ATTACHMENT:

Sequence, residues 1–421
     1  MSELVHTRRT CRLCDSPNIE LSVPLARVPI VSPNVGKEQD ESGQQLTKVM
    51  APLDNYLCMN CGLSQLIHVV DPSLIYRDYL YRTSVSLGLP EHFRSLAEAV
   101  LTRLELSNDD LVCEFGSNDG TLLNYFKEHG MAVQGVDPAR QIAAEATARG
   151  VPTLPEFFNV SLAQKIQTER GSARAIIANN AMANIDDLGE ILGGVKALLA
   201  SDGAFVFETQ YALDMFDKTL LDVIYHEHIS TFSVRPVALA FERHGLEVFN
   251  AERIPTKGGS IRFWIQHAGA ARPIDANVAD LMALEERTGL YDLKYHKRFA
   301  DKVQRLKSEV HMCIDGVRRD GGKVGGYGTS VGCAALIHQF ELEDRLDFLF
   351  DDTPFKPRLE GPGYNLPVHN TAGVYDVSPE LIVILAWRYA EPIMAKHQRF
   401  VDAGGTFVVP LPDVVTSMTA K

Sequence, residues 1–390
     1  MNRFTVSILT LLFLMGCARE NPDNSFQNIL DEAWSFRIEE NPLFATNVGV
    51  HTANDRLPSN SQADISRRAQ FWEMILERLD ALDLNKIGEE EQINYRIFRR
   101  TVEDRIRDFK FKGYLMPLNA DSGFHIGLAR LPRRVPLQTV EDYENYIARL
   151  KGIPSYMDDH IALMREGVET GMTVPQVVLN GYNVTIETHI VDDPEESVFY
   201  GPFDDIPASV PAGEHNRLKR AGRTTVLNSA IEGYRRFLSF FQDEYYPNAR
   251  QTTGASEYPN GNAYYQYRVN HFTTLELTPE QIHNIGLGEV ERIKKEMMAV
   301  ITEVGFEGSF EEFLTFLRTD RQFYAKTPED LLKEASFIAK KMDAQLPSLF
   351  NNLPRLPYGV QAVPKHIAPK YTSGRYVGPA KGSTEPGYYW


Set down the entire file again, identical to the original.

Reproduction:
Sequence, residues 1–421
     1  MSELVHTRRT CRLCDSPNIE LSVPLARVPI VSPNVGKEQD ESGQQLTKVM
    51  APLDNYLCMN CGLSQLIHVV DPSLIYRDYL YRTSVSLGLP EHFRSLAEAV
   101  LTRLELSNDD LVCEFGSNDG TLLNYFKEHG MAVQGVDPAR QIAAEATARG
   151  VPTLPEFFNV SLAQKIQTER GSARAIIANN AMANIDDLGE ILGGVKALLA
   201  SDGAFVFETQ YALDMFDKTL LDVIYHEHIS TFSVRPVALA FERHGLEVFN
   251  AERIPTKGGS IRFWIQHAGA ARPIDANVAD LMALEERTGL YDLKYHKRFA
   301  DKVQRLKSEV HMCIDGVRRD GGKVGGYGTS VGCAALIHQF ELEDRLDFLF
   351  DDTPFKPRLE GPGYNLPVHN TAGVYDVSPE LIVILAWRYA EPIMAKHQRF
   401  VDAGGTFVVP LPDVVTSMTA K

Sequence, residues 1–390
     1  MNRFTVSILT LLFLMGCARE NPDNSFQNIL DEAWSFRIEE NPLFATNVGV
    51  HTANDRLPSN SQADISRRAQ FWEMILERLD ALDLNKIGEE EQINYRIFRR
   101  TVEDRIRDFK FKGYLMPLNA DSGFHIGLAR LPRRVPLQTV EDYENYIARL
   151  KGIPSYMDDH IALMREGVET GMTVPQVVLN GYNVTIETHI VDDPEESVFY
   201  GPFDDIPASV PAGEHNRLKR AGRTTVLNSA IEGYRRFLSF FQDEYYPNAR
   251  QTTGASEYPN GNAYYQYRVN HFTTLELTPE QIHNIGLGEV ERIKKEMMAV
   301  ITEVGFEGSF EEFLTFLRTD RQFYAKTPED LLKEASFIAK KMDAQLPSLF
   351  NNLPRLPYGV QAVPKHIAPK YTSGRYVGPA KGSTEPGYYW